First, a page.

delivery issues,” she told CathoThe pressure has only served panel of the Court of Appeals lic News Service in a telephone to solidify her conviction that “it for the District of Columbia and interview from Seattle, where is morally wrong to exploit an- later dismissed the lawsuit. she runs AVM Biotechnology. other human being.” In mid-September, attorneys “If we could improve delivery, “It’s only a tiny clump of cells for Deisher and Dr. James Sherwe could have even better out- that you can’t really even see, ley of the Boston Biomedical comes.” and it can be difficult for people Research Institute filed notice of When his or her their intent to appeal the own stem cells are innstead of the embryonic stem-cell dismissal. jected into a patient’s Seeking to achieve research that was once all the rage, heart tissue, for exa similar goal through ample, “that patient’s the news is in the field of adult stem-cell a different route is the (likelihood of) sur- research, which does not involve the de- bipartisan Patients First vival is improved and struction of human embryos. Act, reintroduced in the very significantly,” U.S. House of Represaid Deisher, who sentatives September holds a doctorate in molecular to embrace the importance of 20 by Reps. J. Randy Forbes, and cellular physiology. But 90 something like that,” Deisher R-Va., and Dan Lipinski, D-Ill. percent of the stem cells “are said. “But that is a human beThe legislation would direct sequestered in the spleen” and ing, and once you start exploit- NIH “to prioritize stem-cell re“what we are working on is to ing any human being you open search that has the greatest potenfigure out how to block that ac- the door to exploiting all human tial for near-term clinical benefits, cumulation in the spleen,” she beings and that is wrong, to treat by directing both basic and clinisaid. human beings as commodities.” cal research toward what is curDeisher, who is Catholic, was Deisher believes the Obama rently showing benefits in treatcommitted to adult stem-cell administration’s moves to ex- ing patients” — in other words, research from the beginning be- pand federal funding of embrycause of her belief that life be- onic stem-cell research violates gins at conception. the Dickey-Wicker amendment, “My faith kept me from which bars any funds for reworking with them,” she said. search that destroys human em“But over time my objections bryos. She is one of two plainalso became scientific and clini- tiffs judged to have standing in cal and economic — embryonic a lawsuit against the National stem cells are outrageously ex- Institutes of Health’s revised pensive.” criteria that permits funding of The researcher said she has embryonic stem-cell research. faced increasing pressure in reAlthough Chief Judge Royce cent years to become involved C. Lamberth of U.S. District in embryonic stem-cell research Court for the District of Columand when she has declined she bia initially ruled that the lawsuit has found that proponents of the was likely to prevail and briefly use of embryos “want to try and stopped all NIH funding of emuse people’s morals to destroy bryonic stem-cell research, he their scientific credibility.” was overturned by a three-judge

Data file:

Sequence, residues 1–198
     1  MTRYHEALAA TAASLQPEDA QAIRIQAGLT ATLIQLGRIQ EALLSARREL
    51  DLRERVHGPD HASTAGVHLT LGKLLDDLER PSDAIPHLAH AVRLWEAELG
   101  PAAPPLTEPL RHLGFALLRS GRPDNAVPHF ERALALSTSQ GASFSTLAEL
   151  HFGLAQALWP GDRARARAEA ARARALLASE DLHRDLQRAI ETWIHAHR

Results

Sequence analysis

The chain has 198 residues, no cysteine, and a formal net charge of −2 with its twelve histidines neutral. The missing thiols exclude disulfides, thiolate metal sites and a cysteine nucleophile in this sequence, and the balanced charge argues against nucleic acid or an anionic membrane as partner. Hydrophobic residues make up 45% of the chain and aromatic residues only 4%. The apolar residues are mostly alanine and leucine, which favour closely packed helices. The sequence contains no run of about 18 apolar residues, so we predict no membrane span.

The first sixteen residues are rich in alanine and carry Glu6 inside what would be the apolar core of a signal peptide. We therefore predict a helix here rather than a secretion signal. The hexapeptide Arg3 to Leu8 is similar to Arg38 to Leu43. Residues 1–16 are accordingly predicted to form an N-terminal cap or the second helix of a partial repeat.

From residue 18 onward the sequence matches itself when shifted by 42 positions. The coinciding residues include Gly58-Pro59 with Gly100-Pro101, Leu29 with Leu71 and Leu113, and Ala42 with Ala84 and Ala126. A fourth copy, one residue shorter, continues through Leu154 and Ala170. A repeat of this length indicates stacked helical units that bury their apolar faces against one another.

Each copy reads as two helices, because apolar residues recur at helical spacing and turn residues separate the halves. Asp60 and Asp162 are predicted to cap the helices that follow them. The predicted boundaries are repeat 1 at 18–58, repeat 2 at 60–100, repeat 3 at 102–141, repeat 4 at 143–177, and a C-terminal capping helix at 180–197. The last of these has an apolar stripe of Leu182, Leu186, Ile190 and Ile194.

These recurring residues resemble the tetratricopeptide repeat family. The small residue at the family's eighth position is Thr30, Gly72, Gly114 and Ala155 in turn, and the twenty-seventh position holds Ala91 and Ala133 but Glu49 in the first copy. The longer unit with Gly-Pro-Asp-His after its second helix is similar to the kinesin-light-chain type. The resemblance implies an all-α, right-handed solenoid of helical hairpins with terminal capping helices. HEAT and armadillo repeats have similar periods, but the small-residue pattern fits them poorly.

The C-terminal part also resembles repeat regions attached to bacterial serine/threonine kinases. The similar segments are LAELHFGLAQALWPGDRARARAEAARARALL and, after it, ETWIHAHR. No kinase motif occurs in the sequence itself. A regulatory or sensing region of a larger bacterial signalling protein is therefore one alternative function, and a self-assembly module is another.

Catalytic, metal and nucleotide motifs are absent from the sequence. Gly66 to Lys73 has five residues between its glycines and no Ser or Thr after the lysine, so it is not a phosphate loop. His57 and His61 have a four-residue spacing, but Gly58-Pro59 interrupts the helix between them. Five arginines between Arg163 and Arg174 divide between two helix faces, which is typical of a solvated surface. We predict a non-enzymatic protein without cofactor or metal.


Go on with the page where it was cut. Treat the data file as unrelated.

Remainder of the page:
adult stem-cell research, which has made advances in the treatment of spinal-cord injuries, Type 1 diabetes, multiple sclerosis and heart disease. “As public servants, we have the responsibility to consider both the medical and ethical implications of the research we support with U.S. tax dollars, particularly at a time of budgetary constraints,” Forbes said in a news release. “The Patients First Act recognizes that the twin goals of scientific advancement and the protection of human life are not mutually exclusive; rather they should be one in the same,” he added. “By setting aside divisive political battles and prioritizing research with proven clinical success, we can finally make long-awaited progress in beating dreaded diseases, from diabetes to breast cancer.”

Praying the Mass Anew

Adult stem cells making news in courts, Congress and on football field

I


8

October 7, 2011

The Anchor

I

n the ancient Middle East, wedding feasts were among the most important of all events. The unity of a man and woman in fidelity was a sign of the relationship God had with the people. The couple was a sign of a creation that would bring new life into the world. Today the prophet Isaiah envisions Heaven as a sumptuous wedding banquet of juicy rich food and pure choice wines. Wedding banquets are an image often used in the Gospel, too. John tells of Jesus beginning His public ministry at the wedding feast at Cana. This was not by coincidence. Jesus used the setting of a wedding feast to inaugurate His ministry as a sign of the new covenant He had come to establish between God and His people. In today’s Gospel, Jesus tells of the king who prepared a sumptuous wedding banquet to celebrate the marriage of his son. When the guests were invited, they